It didn’t begin well. I answered an ad. Someone was selling a 1957 Mercedes Benz, the little four-cylinder model. I liked the idea of a Benz. My father had passed on a rather unfortunate gene to me, the love of expensive things without being able to afford them.
He was a fun dad, I learned a lot from him. Once in a while he’d lose his temper. But that’s another story.
I fell in love with the car as soon as I saw it.
There was only one problem. The seller wanted me to sign an affidavit that in case anything happened to the car after it left his possession, he wouldn’t be liable for any damages.
Oh, is that all? Well, with love blinding me, I said, “Sure,” though I did have a sinking feeling, I just didn’t want to admit that. It was to be this dysfunctional attitude handed down to me by my father, that drove me on to greater and greater foolishness, in my life with cars.
It wasn’t long before the problem with the car revealed itself – in a rather dangerous and sinister fashion, I might add. After a few short drives around town, the next time I stepped on the brake, nothing happened. He’d sold me a car with a faulty brake line! Luckily I had a friend who fixed that. And from then on, for about six months the car was mine. It drove great on the highway, around turns it stuck to the pavement like glue. I couldn’t believe how incredibly well designed this machine was.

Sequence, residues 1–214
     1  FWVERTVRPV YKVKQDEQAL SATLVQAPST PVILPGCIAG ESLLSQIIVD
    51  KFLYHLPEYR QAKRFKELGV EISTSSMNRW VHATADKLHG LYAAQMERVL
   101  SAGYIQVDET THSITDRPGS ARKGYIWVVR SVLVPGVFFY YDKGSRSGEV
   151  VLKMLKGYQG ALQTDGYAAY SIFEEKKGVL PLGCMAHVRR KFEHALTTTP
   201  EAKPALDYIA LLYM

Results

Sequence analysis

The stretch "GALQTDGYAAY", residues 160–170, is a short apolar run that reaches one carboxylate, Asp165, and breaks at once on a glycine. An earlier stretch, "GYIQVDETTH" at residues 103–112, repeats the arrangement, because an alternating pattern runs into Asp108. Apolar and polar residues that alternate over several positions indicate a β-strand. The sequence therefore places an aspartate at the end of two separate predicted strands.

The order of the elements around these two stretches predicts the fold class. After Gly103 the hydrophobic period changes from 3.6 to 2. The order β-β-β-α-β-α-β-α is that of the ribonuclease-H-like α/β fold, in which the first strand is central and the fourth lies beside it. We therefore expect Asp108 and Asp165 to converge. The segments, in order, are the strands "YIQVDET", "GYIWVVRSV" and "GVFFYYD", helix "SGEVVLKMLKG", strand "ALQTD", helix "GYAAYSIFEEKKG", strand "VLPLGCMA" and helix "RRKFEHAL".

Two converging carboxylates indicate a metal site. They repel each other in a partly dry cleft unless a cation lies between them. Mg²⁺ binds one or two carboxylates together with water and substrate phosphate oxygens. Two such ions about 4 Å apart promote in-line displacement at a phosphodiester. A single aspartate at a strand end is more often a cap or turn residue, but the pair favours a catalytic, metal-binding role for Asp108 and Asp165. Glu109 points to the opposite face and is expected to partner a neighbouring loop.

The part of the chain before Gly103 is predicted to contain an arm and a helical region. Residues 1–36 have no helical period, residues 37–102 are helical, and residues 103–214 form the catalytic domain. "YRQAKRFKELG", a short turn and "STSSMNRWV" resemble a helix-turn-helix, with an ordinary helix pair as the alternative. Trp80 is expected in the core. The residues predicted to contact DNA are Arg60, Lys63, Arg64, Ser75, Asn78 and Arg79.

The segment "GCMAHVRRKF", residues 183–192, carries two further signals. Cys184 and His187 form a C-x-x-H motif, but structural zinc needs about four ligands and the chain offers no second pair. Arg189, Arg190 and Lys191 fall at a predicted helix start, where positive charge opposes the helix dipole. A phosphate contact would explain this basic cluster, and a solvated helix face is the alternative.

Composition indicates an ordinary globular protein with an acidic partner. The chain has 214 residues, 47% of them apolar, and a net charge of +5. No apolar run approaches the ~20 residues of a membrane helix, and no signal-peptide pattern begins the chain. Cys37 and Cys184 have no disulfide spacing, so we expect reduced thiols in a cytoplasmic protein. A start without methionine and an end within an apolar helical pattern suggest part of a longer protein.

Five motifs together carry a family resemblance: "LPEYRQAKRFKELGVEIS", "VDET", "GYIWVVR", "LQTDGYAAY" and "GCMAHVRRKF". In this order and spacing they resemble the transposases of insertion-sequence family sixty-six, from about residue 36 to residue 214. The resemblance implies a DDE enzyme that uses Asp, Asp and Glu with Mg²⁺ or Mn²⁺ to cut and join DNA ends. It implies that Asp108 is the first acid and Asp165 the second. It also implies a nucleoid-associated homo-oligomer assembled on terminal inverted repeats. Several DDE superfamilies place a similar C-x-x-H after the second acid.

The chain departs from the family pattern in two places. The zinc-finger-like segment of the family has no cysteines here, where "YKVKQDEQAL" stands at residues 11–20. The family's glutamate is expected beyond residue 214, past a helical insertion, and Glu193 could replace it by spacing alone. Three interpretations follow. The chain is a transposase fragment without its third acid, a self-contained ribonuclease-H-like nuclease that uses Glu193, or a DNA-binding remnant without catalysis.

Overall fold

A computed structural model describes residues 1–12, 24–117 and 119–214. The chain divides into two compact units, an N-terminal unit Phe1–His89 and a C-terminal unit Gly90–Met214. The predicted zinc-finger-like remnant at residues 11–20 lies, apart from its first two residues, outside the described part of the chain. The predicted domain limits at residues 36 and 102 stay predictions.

I especially loved the Mercedes hood ornament. Driving along an empty two-lane blacktop, at 70 mph – I never took it further than that – with that beautiful ornament right there in front of me, like a guide.
I don’t remember what happened to my Mercedes Benz. Something happened, because I didn’t have it anymore. My memory is vague on this.
Yes, that was my next car. I don’t remember how I got hold of it, I think someone was giving it away. A strange car, that. Made in England for the Hudson-Nash company for export to North America, it was a miniaturized version of the larger family of standard Hudson-Nash designs.
I can’t remember much about what happened to this car, either, unfortunately. I was promiscuous and once the affair was over, I moved on.
Now, I used to get this question all the time. What the heck is a Borgward?
Well, for anyone who’s interested in its history, you can Google it. My experience with the car was, well, tied up with a relationship I wasn’t too crazy about.
So though I drove the car to the north country, over gravel roads, even sleeping in it on the road, I couldn’t wait to get rid of it as soon as this relationship ended.
Then I bought a Volkswagen Beetle. This was a fun car, so long as it lasted. I was driving north with my new wife, when the battery was destroyed by fire. On another trip, the front tire blew and I almost lost the car – and me and my wife.
I’ll have more to say about my automobile adventures in my next post in this category, Other Stuff.
To Be Continued
Born in Tel Aviv, Israel (when it was still Palestine, a British protectorate. I was 1 year old when we moved to England, where I grew up. At age 12, we left for Canada and I’ve lived here ever since.